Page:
As Cool As A Fruitstand

…and maybe as strange. A movie blog.

Punch-Drunk Love

Posted by Hedwig on March 15, 2008

I went over to my friend Stefan’s place tonight. To watch “a movie”: we hadn’t quite determined which one. I’d brought the three DVDs I bought today (Bogart&Bacall in To Have and Have Not and in The Big Sleep, and Orson Welles and Rita Hayworth in The Lady From Shanghai), but mostly to show them off. He had quite an impressive amount of films on his computer. We almost settled on In Cold Blood, but it was over two hours long, and considered Punch-Drunk Love instead.

“What’s it about?”, he asked. “I’m not sure”, I answered honestly. “I think it’s supposed to be an oddball rom-com. It’s from the guy who did There Will Be Blood and Magnolia.”

Punch-Drunk Love it was.  A housemate was called in, and got the same reaction. And in the first fifteen, twenty minutes, many “huh?”s ensued.

The thing is, “oddball rom-com” really isn’t such a bad description, and I can’t really think of a better one… but it gives you an entirely insufficient image of what the movie is. There is comedy…but there aren’t any jokes. The laughs come from surprise, from shock, from the pure absurdity of it all. And there is a romance, though I feel unqualified to say whether it is romantic, and the romantic angle takes a while to develop.

It’s hard to describe the sheer insanity of this movie. It’s not just the main character, who’s meek most of the time but then quietly, apparently without emotion, erupts into intense bursts of violence. Nor is it his seven totally deranged sisters, who clearly made Barry into what he is. It’s not even just the stylistic traits, like the abstract, psychedelic sequences or the loud, intrusive music that seems to be all inside Barry’s head.

But altogether, these elements add up to one unpredictable, jumbled, crazy movie. A movie I sorta kinda think I liked. In any case, I could never tell what would come next, and while I can’t say it was an altogether satisfying viewing experience, it did feel involving and new.

Odd, that There Will Be Blood and this movie were made by the same mind. Yet at the same time, it makes perfect sense. Daniel Plainview and Barry Egan are very different creatures, and they live in different worlds, but they might – just maybe – understand one another.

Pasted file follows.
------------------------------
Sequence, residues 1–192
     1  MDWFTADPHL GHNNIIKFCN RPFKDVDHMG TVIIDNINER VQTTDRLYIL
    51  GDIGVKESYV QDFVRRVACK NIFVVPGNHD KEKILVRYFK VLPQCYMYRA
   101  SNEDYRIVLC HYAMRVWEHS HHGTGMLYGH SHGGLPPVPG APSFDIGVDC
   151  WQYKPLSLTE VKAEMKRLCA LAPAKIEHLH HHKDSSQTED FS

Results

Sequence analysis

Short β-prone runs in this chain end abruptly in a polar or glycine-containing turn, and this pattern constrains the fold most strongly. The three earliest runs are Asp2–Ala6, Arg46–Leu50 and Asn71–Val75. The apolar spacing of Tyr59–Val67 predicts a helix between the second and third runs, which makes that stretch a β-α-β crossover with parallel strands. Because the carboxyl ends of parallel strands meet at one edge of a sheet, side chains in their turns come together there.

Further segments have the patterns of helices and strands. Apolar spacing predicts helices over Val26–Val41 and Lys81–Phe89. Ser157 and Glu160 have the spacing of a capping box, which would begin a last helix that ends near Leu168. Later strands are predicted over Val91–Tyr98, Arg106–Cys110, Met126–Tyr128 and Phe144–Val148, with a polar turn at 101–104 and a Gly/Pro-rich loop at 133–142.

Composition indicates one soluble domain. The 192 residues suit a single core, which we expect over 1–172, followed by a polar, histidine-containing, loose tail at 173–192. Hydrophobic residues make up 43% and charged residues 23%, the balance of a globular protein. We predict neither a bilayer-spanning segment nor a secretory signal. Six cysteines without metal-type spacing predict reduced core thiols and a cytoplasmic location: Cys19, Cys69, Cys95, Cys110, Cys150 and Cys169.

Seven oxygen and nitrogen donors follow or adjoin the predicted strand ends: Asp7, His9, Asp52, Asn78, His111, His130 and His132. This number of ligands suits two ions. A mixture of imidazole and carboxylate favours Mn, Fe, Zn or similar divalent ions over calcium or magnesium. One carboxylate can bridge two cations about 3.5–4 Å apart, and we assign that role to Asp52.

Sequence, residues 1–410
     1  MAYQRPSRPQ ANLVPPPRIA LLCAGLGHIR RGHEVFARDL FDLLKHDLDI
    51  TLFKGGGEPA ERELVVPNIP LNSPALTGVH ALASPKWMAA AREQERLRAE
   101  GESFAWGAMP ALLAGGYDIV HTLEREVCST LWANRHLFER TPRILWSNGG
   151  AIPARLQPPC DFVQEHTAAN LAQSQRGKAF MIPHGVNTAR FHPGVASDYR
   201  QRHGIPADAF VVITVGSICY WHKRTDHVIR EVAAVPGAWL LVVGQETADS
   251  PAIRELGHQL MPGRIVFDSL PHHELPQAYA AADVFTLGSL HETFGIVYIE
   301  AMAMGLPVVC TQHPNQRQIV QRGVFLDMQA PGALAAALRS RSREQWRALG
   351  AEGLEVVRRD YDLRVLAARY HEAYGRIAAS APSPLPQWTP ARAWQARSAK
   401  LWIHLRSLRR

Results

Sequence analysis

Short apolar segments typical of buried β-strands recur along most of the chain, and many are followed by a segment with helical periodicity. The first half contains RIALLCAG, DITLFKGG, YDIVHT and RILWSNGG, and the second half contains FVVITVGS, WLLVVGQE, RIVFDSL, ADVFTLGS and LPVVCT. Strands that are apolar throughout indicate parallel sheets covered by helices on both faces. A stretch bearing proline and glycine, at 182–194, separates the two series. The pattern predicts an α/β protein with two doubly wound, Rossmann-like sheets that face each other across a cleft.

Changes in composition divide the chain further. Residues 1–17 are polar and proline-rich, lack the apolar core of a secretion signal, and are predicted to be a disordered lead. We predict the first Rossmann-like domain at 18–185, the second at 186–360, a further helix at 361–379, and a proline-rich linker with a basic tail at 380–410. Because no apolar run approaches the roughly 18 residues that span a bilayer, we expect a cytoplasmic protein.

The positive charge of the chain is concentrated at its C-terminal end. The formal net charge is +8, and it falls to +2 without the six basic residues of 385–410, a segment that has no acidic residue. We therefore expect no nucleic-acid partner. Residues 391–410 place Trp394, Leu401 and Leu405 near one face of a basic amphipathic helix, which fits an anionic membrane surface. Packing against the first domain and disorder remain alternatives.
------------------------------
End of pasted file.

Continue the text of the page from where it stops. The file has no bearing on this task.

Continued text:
6 Responses to “Punch-Drunk Love”

  1. I completely agree, I am sure Plainview and Egan would understand each other, I totally get that.

    I really love this film, Paul Anderson is genius. To date, I have never liked Sandler more than in PDL.

  2. Daniel said

    I excitedly saw this in the theater back in my PTA worship days and was let down a little, especially since it had been 3 years since his last film. As such, I remember little of it, but I’ve always been meaning to see it again.

  3. Joe Valdez said

    Like Daniel, I paid money to watch this one in a theater while still on my Hard Eight, Boogie Nights and Magnolia high. I remember loving the design and the style of the film, but Anderson’s writing continued to get thinner and thinner the further away he got from Hard Eight.

    I also would have liked this so much better if it had just been John C. Reilly in the lead role. Whimpering Adam Sandler has just never appealed to me. Still, your review made me curious to watch this again. Good review, Hedwig.

  4. This is the one Anderson film I haven’t seen and it was primarily because of my distaste for Sandler. I should see it eventually and your description of it makes it seem more enjoyable than the impression I got from the generally positive reviews.

    But let me just say, even without seeing it, I completely agree with Joe: Had John C. Reilly been in the lead I certainly would not have missed it. Knowing his talents and having a rough idea of the lead character I think he would have been superb.

  5. sarcastig said

    Joe and Jonathan, I know exactly what you mean: the main reason I had avoided Punch-Drunk Love until now was Adam Sandler, who just rubs me the wrong way. It’s the voice, mostly, but also just his shtick of looking down and looking up, of always hunching over…I just don’t like the guy.

    I’m not sure John C. Reilly would have been right in the part though. He’s too ruddy, in a way, or I don’t know. Sandler actually kind of works in the role, I think. Or at least makes it his own, and while his Barry Egan isn’t quite likable, I don’t think he’s meant to be.

    Anyway, Nick (and also Craig) thank you for singing the praises of this movie to me, and pushing me over my Sandler allergy. I can’t say I loved the movie, but I liked the experience of watching it quite a bit.

  6. I have no use for the Sandler persona in one of his typical movies, but Anderson has put him to use here in the best possible way.

    I love this movie.

    There I said it.

    Minus the sisters and the outbursts of violence, I can totally identify with Barry Egan as a guy who has spent a large portion of life kind of uncomfortable in his own skin.

    I love that it’s a complete curveball from Anderson. I love the use of He Needs Me from Popeye.

    I don’t think this would’ve worked at all with John C. Reilly. It would’ve been too ordinary. Not bizarre enough.

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